phase one - research
Scope down, uncover problems, and ideate solutions.
The best (and my favorite way) to work on a project is to sit down and sketch out any ideas that come to mind, and that is what I did! I completed multiple rounds of sketching and ideation, with plenty of sketches in tow, but will showcase only the important ones here.
Sketching Rd. 1
Directly informed by the research, the goals of this round were increasing discoverability, integration of Gear into app activities, and increasing the general intuitiveness of Garmin Connect.
One sketch to highlight from this round is my 'blue bar' sketch. My goal with this sketch was to increase discoverability in a way that didn't obstruct experienced users flow within the app, but still showcases Gear in a new way.
Sketching Rd. 2
Ideated on discoverability via a variety of features, specifically sharing Gear statistics and information over social media.
Exploring ways to improve discoverability revealed many routes to many solutions to this problem, and I chose to focus on social media sharing. This also included the addition of a badge/award system that allowed badge earners to share their accomplishment with friends on many platforms.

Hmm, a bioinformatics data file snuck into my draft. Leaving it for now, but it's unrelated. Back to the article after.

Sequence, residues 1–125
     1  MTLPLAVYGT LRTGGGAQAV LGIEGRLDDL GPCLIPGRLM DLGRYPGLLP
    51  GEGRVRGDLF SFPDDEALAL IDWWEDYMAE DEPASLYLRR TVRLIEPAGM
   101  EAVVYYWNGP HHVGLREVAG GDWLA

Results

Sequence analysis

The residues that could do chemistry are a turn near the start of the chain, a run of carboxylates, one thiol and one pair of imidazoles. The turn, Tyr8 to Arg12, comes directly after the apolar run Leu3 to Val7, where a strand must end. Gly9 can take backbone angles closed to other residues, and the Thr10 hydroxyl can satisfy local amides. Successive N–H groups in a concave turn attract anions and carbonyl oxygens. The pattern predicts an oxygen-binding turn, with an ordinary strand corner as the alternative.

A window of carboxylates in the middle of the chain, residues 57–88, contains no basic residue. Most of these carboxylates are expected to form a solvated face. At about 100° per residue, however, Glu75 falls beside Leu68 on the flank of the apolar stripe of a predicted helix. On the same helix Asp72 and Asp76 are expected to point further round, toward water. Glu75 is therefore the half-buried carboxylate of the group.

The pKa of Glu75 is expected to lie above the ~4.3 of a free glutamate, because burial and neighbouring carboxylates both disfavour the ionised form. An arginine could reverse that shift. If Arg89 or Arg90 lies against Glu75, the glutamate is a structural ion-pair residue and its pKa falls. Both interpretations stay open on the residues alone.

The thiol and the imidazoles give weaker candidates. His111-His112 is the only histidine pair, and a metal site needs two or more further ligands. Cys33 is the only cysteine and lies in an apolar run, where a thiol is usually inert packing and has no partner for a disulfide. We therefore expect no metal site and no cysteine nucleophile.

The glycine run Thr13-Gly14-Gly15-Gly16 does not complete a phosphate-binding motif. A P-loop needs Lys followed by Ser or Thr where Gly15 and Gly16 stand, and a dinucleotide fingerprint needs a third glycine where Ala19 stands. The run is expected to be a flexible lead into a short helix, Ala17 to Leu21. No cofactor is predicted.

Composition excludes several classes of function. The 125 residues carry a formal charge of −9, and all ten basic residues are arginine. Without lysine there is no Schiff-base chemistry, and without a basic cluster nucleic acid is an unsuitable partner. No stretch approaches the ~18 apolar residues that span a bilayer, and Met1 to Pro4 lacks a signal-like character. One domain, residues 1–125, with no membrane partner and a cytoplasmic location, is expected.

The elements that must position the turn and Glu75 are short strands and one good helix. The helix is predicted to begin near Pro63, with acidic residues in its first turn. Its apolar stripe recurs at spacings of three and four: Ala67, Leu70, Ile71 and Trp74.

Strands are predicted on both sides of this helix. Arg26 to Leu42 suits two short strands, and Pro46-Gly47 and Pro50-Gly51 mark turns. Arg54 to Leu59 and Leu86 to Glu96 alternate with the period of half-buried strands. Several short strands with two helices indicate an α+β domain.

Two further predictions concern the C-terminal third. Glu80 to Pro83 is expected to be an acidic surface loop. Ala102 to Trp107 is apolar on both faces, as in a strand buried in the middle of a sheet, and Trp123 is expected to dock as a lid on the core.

Prepare the road forward by identifying features and ideas to take to the next level.
As we ideated, the team found how easy it is to create tons of sketches and have a million different ideas. This was good in practice, but when it came to deliverables, not what we wanted. We scoped down to a series of ideas to take to high fidelity and to ideate further upon. We chose to focus on the 'blue bar,' data input within gear (adding new gear), genesis state and onboarding, and an overall aesthetic redesign of gear.
Garmin Connect Home
'My Day' w/ Blue Bar
blue sky sketch
phase two - ideation
Finalize our ideas, iterate, and design beautiful mockups.
The 'Blue Bar'
Gear was added to the Blue Bar, replacing
weight. Created a pop-up menu to expand
navigation possibilities from My Day.
Aligned with our goal of increasing Gear's
discoverability, our version My Day's blue bar aligns perfectly with our goals in these designs. I sketched this solution very early on in the project and was very happy to see something so simple and intuitive making it to our final mockups.
General Gear View
Updated the Gear view to Garmin Connect's new aesthetic. Increased ease of information access from the general Gear collection view and created a filter system to search through owned Gear.